Japanese and North Korean Red Cross officials have ended two-days of talks with limited progress on resolving disputes that stand in the way of establishing diplomatic ties.
Red Cross officials from Japan and North Korea issued a joint statement after their two-day meeting in Pyongyang. It says the two sides moved forward on resolving their disputes.
But there was no breakthrough on the issue of 11 Japanese nationals Tokyo accuses North Korea of abducting in the 1970s and 1980s for spying purposes. North Korea has always denied having kidnapped the Japanese and instead views them as missing persons.
The joint statement says that Pyongyang confirmed the whereabouts of six missing Japanese nationals during the talks. But Japanese officials say the six are not among the Japanese citizens Tokyo says were kidnapped and taken to North Korea.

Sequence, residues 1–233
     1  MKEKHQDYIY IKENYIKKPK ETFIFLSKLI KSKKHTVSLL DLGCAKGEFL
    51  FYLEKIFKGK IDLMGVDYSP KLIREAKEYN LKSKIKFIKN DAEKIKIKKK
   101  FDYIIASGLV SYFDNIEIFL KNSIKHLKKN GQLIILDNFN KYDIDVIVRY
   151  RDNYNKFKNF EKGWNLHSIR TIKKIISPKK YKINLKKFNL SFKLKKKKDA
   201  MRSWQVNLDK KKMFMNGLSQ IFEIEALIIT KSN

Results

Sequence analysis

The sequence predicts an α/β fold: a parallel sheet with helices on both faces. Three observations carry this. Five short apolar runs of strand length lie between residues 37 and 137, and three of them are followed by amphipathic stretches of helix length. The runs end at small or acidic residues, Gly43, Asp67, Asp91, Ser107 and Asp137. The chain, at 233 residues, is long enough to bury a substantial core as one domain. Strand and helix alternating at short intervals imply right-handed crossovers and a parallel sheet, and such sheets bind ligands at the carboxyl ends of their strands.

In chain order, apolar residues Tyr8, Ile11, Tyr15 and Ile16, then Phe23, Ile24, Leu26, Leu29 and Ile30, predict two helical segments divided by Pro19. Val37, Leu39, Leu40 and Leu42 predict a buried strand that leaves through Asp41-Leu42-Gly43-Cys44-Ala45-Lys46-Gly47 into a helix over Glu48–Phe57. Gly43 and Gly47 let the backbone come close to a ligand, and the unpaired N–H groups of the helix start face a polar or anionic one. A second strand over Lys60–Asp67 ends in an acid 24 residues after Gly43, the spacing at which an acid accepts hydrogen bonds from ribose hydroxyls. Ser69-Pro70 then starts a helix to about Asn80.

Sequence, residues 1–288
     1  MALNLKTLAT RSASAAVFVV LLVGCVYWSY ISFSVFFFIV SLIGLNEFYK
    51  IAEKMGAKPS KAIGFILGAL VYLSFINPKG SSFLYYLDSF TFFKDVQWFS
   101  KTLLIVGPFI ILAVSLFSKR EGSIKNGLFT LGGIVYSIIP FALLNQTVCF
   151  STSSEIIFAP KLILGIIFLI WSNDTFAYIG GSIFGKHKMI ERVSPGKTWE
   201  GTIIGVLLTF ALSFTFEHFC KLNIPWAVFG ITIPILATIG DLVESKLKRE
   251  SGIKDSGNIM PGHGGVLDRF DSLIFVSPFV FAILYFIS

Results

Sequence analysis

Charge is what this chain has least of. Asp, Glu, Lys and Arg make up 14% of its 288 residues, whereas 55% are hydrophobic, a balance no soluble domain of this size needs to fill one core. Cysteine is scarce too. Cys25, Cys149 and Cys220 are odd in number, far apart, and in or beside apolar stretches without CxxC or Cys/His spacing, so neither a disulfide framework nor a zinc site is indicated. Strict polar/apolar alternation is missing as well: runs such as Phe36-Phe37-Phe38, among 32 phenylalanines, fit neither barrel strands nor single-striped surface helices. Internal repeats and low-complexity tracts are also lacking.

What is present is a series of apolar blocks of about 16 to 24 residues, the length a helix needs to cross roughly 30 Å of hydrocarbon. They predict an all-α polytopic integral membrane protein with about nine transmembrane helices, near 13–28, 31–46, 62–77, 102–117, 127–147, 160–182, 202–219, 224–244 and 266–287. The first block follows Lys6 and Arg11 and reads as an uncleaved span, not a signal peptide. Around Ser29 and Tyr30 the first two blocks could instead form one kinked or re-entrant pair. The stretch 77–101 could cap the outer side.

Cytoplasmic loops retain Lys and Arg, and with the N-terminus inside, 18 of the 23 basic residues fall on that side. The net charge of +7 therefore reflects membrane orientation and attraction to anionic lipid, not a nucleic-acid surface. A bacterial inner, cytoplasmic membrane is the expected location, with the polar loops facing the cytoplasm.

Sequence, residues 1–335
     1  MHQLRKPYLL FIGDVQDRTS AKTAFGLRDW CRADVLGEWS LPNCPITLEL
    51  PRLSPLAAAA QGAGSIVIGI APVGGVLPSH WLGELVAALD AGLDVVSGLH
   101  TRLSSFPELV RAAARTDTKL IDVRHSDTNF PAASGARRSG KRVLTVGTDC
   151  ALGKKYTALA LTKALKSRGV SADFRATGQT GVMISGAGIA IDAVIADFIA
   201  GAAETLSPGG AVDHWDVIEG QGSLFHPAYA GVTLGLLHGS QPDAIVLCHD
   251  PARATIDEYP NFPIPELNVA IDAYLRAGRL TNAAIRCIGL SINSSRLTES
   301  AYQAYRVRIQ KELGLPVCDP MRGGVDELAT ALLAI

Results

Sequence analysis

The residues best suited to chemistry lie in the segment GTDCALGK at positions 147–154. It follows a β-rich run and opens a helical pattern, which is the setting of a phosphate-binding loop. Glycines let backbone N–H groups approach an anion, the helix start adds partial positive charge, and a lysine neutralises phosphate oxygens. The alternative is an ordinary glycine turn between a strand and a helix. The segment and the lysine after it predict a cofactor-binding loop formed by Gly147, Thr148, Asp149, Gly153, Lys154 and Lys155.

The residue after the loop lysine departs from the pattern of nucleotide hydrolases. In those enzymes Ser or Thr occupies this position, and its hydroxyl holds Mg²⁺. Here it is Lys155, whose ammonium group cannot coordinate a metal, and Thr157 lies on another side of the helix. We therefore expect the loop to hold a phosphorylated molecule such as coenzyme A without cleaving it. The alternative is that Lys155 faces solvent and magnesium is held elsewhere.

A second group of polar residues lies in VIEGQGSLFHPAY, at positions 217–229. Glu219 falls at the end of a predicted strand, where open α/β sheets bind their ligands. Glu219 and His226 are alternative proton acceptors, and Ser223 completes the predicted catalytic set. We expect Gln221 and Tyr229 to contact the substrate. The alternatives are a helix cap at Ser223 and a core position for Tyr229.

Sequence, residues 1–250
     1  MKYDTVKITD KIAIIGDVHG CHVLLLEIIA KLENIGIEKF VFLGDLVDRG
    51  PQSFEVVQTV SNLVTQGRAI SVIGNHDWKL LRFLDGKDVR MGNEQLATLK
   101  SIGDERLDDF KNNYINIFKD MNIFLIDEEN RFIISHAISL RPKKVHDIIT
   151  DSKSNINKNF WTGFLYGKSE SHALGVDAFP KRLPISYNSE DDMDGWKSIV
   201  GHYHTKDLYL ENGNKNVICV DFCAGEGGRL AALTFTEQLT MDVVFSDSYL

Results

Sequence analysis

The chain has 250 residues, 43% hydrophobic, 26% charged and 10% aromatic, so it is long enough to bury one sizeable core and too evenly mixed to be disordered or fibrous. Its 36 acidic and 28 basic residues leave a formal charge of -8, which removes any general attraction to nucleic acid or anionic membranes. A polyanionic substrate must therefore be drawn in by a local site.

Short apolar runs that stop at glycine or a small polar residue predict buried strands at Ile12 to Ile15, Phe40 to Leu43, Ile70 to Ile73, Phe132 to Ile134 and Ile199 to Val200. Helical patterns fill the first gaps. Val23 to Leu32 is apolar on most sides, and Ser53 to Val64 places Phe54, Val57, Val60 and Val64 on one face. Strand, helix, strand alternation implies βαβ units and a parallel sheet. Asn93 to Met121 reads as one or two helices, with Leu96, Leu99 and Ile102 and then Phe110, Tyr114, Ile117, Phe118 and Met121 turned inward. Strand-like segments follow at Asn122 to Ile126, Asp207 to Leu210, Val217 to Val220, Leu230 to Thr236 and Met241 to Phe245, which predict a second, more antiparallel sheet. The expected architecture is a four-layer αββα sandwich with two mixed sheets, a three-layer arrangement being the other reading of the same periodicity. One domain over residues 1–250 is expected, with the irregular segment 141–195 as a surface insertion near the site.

A Japanese official in Pyongyang told reporters that the lack of progress on this issue was disappointing, but noted that the bilateral dialogue remains intact.
The two sides agreed to give visiting rights to about 2,000 Japanese women who live in the North with their Korean husbands. North Korea had previously allowed just a fraction to make visits to their homeland.
The Red Cross Societies agreed to meet again as soon as possible.
Next week, senior foreign ministry officials from Japan and North Korea are scheduled to meet in Pyongyang to resume wide-ranging talks on normalizing bilateral ties. Such talks were last held in October 2000.
These contacts are part of the reclusive North Korean government's recent diplomatic initiatives. The hardline Stalinist state apparently is seeking to improve ties with South Korea, Japan, and the United States to help build its impoverished economy.